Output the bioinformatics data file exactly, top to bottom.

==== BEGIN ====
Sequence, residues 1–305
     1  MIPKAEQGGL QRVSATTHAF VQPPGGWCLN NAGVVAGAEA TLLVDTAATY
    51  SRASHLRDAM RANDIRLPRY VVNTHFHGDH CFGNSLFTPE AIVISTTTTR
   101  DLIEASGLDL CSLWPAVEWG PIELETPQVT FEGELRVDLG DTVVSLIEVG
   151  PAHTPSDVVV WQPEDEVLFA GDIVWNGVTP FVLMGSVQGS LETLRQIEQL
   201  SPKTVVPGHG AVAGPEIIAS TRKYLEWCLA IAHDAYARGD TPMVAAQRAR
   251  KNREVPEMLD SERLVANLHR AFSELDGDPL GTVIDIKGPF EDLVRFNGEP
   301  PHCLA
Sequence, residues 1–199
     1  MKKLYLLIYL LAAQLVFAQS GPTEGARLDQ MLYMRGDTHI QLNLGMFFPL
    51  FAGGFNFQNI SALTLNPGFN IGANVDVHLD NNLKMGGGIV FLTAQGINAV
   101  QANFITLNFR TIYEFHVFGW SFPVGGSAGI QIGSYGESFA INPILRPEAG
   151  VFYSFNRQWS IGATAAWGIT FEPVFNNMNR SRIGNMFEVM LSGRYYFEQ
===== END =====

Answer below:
Sequence, residues 1–305
     1  MIPKAEQGGL QRVSATTHAF VQPPGGWCLN NAGVVAGAEA TLLVDTAATY
    51  SRASHLRDAM RANDIRLPRY VVNTHFHGDH CFGNSLFTPE AIVISTTTTR
   101  DLIEASGLDL CSLWPAVEWG PIELETPQVT FEGELRVDLG DTVVSLIEVG
   151  PAHTPSDVVV WQPEDEVLFA GDIVWNGVTP FVLMGSVQGS LETLRQIEQL
   201  SPKTVVPGHG AVAGPEIIAS TRKYLEWCLA IAHDAYARGD TPMVAAQRAR
   251  KNREVPEMLD SERLVANLHR AFSELDGDPL GTVIDIKGPF EDLVRFNGEP
   301  PHCLA
Sequence, residues 1–199
     1  MKKLYLLIYL LAAQLVFAQS GPTEGARLDQ MLYMRGDTHI QLNLGMFFPL
    51  FAGGFNFQNI SALTLNPGFN IGANVDVHLD NNLKMGGGIV FLTAQGINAV
   101  QANFITLNFR TIYEFHVFGW SFPVGGSAGI QIGSYGESFA INPILRPEAG
   151  VFYSFNRQWS IGATAAWGIT FEPVFNNMNR SRIGNMFEVM LSGRYYFEQ